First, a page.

Some U.S. Drinking water still carries levels of arsenic experts consider unsafe

Less publicized than lead, researchers find arsenic in U.S. communities’ drinking water, with signs of an inequitable burden

A test strip and calibration chart show arsenic levels in water in Freer, Texas. Photo by Lance Cheung courtesy of the U.S. Department of Agriculture

By Maria Dolan for Ensia | @ensiamedia | @mariaidolan

the 1970s and 80s, an initiative spearheaded by UNICEF drove pipes into the ground in Bangladesh to create tube wells that could tap into the country’s groundwater. These wells provided local people with drinking water that was free of surface water microbes, which had led to children’s deaths due to cholera and other diarrheal diseases.

At the same time, though, the wells introduced another contaminant into the water supply: arsenic, an odorless, tasteless metalloid that is naturally present in Bangladesh’s aquifers, as it is in many other places worldwide. This element is considered a potent carcinogen.

A paper published in 2000 in the Bulletin of the World Health Organization called this outcome “the largest poisoning of a population in history.” And today, tens of millions of Bangladeshis may now face a heightened risk of death due to arsenic exposure.

“It’s a horrible story that taught us a lot about the health effects of arsenic in drinking water,” says Carolyn Murray, a New Hampshire public health and preventive medicine physician and a director at the Community Outreach and Translation Core for the Dartmouth Children’s Environmental Health and Disease Prevention Research Center, who studies the impact of environmental contaminants in the U.S. — including arsenic — on fetal and childhood development.

A nine-month investigation by the Guardian and Consumer Reports (CR) found alarming levels of forever chemicals, arsenic and lead in samples taken across the U.S. Image courtesy of The Guardian/Consumer Reports Water Investigation

A greater understanding of the devastation wrought by arsenic-tainted water in Bangladesh and other places led to greater scrutiny of arsenic in U.S. water and food supplies — which continues to be an issue, especially in communities most likely to face other social inequalities.

Tightened Regulations, But Disparities Exist

ome arsenic in U.S. drinking water seeps in from rocks and soil, and the element also enters the water through human activities such as industrial pollution and historical pesticide use. (Americans may also be exposed through food that can contain higher levels of arsenic, such as some rice and fruit juice and hijiki seaweed, or through smoking cigarettes.)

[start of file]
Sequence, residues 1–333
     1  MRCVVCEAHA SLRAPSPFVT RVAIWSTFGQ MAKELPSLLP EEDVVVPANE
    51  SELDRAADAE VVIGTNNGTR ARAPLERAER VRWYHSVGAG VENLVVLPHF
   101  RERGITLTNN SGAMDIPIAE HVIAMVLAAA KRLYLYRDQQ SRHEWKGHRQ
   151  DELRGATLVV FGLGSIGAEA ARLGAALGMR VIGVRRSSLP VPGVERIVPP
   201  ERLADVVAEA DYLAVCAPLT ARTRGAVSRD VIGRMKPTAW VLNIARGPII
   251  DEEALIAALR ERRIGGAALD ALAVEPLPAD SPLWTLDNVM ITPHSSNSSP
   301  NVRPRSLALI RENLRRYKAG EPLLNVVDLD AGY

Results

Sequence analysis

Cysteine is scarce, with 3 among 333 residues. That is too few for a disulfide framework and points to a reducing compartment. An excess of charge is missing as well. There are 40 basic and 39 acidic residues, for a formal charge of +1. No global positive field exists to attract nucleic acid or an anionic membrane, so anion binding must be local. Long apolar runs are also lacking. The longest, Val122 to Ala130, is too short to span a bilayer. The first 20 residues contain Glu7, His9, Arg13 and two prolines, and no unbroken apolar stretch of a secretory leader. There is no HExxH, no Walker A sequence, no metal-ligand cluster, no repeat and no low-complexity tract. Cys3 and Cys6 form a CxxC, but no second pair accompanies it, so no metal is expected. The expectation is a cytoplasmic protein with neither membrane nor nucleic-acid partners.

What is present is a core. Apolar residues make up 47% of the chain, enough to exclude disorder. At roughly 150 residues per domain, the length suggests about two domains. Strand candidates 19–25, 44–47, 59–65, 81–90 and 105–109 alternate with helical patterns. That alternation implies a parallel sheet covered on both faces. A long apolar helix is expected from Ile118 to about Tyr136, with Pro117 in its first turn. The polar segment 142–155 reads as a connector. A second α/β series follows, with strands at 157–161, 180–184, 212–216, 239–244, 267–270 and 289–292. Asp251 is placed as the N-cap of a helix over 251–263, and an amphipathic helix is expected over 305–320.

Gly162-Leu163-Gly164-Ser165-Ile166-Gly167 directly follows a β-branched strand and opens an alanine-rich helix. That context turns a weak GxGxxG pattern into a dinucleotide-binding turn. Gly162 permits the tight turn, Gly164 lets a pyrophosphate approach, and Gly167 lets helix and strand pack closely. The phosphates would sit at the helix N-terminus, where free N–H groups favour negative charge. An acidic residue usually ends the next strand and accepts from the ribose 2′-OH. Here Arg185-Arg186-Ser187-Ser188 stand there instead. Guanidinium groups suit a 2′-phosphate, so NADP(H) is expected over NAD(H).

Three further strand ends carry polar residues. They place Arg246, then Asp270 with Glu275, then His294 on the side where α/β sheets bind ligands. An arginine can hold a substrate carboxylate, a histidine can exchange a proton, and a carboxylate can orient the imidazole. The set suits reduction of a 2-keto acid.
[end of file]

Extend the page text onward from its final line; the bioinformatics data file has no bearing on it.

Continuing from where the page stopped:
In addition to arsenic, lead, copper and manganese are other metals known to have caused contaminated drinking water in the U.S. and elsewhere.

The U.S. Environmental Protection Agency (EPA) first limited the maximum contaminant level (MCL) for arsenic in public water systems in the U.S. to 50 parts per billion (ppb), but the EPA’s Final Arsenic Rule, which took effect in January 2006, lowered the arsenic MCL in public water systems to 10 ppb (or 10 micrograms per liter). Today, all but two states use that standard — New Jersey and New Hampshire chose to lower their MCL to 5 ppb. Research suggests that the reduction of MCL from 50 ppb to 10 prevented an estimated 200 to 900 cancer cases per year.

An estimated 2.1 million people in the U.S. still get their drinking water from private wells with high levels of arsenic. Map courtesy of United States Geological Survey.

Despite these tightened regulations, an estimated 2.1 million people in the U.S. still get their drinking water from private wells with high levels of arsenic, according to a United States Geological Survey (USGS) study, and some public water systems still exceed EPA standards, with exceedences found in places from Kern County, California to Riesel, Texas. The Southwestern U.S. has the highest rates of elevated arsenic in drinking water in the country.

“Arsenic is one of the contaminants most likely to have a violation reported to the EPA across all public water systems in the U.S.,” says Anne Nigra, a postdoctoral research fellow in environmental health sciences at Columbia University’s Mailman School of Public Health, and lead author on the first study to assess differences in U.S. public drinking water arsenic exposures by geographic subgroups.

In most cases, the amount of arsenic contaminating U.S. drinking water is still low compared to what was found in Bangladesh, but scientists have been learning that, even at lower levels, exposure to arsenic over long periods of time is associated with a myriad of health effects, including skin cancer, bladder cancer, changes in heart structure, an elevated risk of heart disease and high blood pressure.

In New Hampshire, Maine and Vermont, studies suggest that an elevated risk of bladder cancer (about 20% higher than elsewhere in the country) among the population may be due to the presence of arsenic in drinking water drawn from private wells.